28 January, 2015
New report on beaver effects on salmon and trout
A report looking at at how salmon and trout populations might be affected, if beavers are reintroduced to Scotland, was published today (28 January).
The Scottish Government will decide later this year whether to reintroduce beavers to Scotland, after receiving the results of a number of studies, including the five-year Scottish Beaver Trial in Knapdale, Argyll.
The report was produced by the Beaver Salmonid Working Group (BSWG), which is made up of specialists from the fish biology, fishery, wildlife and river management sectors. The report was prepared for the National Species Reintroduction Forum (NSRF).
The report found that there would be a range of impacts on salmon and trout as a result of beavers, and although further research is required, any successful reintroduction would depend on a management plan.
The report also found that beavers may affect salmon and trout positively by, for example, increasing the number of invertebrates available for fish to feed on, as well as increasing the variety of habitat for fish, including areas for rearing, overwintering and avoiding fast flows. However, negative impacts may include beaver dams sometimes limiting salmon and trout moving along waterways and the loss of valuable spawning habitat.
Ron Macdonald, NSRF chair and Scottish Natural Heritage’s (SNH) Director of Policy & Advice, said:
“We’re grateful to the BSWG for this comprehensive and useful report, and we’ll examine their recommendations carefully. The report will form an important part of the information that SNH is gathering for the Scottish Government for late May. We recognise that there are evidence gaps on the impact on salmon and trout and that, if the Scottish Government approves reintroducing beavers, a management plan will be required to quickly address any potential problems.”
BSWG chair, Roger Wheater, added:
“The BSWG recognise that beavers may benefit biodiversity in the Scottish countryside, but beaver dams on small rivers and streams may also, under some circumstances, create barriers to migratory fish, including the iconic salmon and trout, thus denying them access to their spawning areas. Our report has indicated that if beavers are to be reintroduced, clear and unequivocal management plans are needed. Without such plans, any possible benefits to salmonids from beavers may not be realised. Further research and monitoring of wild beavers will be essential as an aid to further planned releases and their management.”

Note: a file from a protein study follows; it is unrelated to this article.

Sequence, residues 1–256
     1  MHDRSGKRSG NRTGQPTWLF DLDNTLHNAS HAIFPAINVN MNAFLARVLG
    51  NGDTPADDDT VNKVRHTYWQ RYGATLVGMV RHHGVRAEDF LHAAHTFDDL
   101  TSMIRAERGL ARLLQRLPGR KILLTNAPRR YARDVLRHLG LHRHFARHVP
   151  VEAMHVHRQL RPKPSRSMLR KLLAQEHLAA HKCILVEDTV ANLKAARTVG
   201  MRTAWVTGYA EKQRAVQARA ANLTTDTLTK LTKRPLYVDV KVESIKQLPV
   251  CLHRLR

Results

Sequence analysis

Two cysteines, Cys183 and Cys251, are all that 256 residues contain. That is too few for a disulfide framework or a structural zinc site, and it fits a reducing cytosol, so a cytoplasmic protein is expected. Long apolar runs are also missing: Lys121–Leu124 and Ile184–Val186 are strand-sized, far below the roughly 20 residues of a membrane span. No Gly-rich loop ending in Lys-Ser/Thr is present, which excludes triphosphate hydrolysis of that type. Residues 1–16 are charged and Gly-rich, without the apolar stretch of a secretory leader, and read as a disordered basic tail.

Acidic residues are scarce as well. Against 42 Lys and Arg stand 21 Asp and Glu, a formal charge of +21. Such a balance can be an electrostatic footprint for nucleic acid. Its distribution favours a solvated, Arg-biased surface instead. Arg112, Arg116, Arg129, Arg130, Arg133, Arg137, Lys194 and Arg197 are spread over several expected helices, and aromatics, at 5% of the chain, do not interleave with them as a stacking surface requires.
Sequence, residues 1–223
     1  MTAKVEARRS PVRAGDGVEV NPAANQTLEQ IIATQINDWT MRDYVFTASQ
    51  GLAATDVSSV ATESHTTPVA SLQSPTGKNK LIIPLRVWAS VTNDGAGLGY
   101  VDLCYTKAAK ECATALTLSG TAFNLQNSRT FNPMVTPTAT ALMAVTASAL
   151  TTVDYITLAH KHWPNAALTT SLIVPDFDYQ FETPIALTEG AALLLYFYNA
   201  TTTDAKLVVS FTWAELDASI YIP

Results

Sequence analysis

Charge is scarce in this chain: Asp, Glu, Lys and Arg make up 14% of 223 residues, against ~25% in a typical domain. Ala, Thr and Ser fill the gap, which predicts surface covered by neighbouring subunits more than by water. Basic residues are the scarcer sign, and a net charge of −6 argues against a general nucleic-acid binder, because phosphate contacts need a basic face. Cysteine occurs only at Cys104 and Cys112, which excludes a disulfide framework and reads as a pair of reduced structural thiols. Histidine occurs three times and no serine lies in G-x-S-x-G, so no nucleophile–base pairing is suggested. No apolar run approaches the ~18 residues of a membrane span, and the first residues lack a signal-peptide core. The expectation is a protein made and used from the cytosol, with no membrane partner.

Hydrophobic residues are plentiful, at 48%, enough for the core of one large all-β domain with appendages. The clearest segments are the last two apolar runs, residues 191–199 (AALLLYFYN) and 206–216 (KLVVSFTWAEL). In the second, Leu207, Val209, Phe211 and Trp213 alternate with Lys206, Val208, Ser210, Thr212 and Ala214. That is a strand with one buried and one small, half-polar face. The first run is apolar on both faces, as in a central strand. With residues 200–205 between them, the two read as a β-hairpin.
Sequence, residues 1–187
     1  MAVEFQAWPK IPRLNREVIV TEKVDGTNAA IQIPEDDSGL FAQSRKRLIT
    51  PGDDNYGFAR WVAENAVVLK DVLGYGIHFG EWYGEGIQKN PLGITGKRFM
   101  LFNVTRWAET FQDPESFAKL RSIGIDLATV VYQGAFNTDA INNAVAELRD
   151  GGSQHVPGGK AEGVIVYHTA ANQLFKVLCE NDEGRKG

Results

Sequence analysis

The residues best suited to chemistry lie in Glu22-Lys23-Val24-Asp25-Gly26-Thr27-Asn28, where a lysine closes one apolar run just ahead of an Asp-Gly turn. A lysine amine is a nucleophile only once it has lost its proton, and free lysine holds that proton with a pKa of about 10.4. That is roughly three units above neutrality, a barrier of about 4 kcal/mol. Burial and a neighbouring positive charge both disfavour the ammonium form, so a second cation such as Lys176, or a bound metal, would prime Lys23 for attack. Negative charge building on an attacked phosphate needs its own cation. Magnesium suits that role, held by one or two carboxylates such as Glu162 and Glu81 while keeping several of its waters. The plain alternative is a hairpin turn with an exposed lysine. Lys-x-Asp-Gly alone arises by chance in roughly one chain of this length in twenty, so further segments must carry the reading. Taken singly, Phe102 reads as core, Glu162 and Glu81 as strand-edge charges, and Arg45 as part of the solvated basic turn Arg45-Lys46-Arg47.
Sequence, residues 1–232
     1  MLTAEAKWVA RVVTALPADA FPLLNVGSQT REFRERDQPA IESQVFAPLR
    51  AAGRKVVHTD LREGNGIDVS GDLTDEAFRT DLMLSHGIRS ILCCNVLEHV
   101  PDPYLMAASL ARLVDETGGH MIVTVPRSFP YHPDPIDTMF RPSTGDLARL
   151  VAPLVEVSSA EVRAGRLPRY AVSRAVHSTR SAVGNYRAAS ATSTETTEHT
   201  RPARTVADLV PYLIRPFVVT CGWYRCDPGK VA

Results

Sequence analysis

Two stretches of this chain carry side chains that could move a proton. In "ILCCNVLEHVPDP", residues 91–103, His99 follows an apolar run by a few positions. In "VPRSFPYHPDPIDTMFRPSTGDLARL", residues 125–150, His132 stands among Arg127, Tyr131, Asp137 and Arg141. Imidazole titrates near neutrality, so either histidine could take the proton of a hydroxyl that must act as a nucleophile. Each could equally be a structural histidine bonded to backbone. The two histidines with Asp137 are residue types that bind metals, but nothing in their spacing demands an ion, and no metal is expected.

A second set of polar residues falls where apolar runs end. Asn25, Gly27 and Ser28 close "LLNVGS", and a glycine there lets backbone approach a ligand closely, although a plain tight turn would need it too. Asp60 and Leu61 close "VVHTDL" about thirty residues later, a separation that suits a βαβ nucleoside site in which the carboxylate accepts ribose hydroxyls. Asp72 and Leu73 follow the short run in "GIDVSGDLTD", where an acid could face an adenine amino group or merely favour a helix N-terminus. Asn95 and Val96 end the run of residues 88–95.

For the full report, see http://www.snh.gov.uk/docs/A1514802.pdf
Media queries – contact Roger Wheater on firstname.lastname@example.org or 01896 830 403.
Or contact SNH media & public relations officer Vicki Mowat, on 0131 316 2659 or email@example.com (Tues to Fri) or the Inverness press office on 01463 725 022 (Mon).
The Scottish Beaver Trial: In May 2008, the Scottish Government gave permission to the Royal Zoological Society of Scotland and the Scottish Wildlife Trust for a scientifically monitored, trial reintroduction of European beavers to Knapdale Forest in mid-Argyll. SNH is co-ordinating the independent scientific monitoring of the trial. For more information on the trial, see www.scottishbeavers.org.uk . For more information on the scientific monitoring of the trial, see http://bit.ly/1L2ByW8 .
The Beaver Salmonid Working Group (BSWG) is chaired by Professor Roger Wheater. The membership of the group includes the Association of Salmon Fishery Boards, Marine Scotland, National Museums of Scotland, Scottish Government, Scottish Environmental Protection Agency, and Scottish Natural Heritage. The BSWG was formed in 2009 as a sub-group of the National Species Reintroduction Forum (NSRF), as migratory salmonid fish were not routinely present within the Knapdale site. The BSWG’s remit is to consider the potential impact of beavers on Atlantic salmon andtrout. This report will form a significant part of a wider package of information which is being collated to inform the Minister on all aspects of beavers and beaver reintroduction issues.
The National Species Reintroduction Forum (NSRF) is chaired by Scottish Natural Heritage and has a membership representing a range of stakeholders from land use, conservation and science sectors. The overall role of the Forum is to contribute to broad scale, strategic issues relating to species reintroductions and other types of conservation translocations in Scotland. Further information is available at www.snh.gov.uk/nsrf .
- SNH Media
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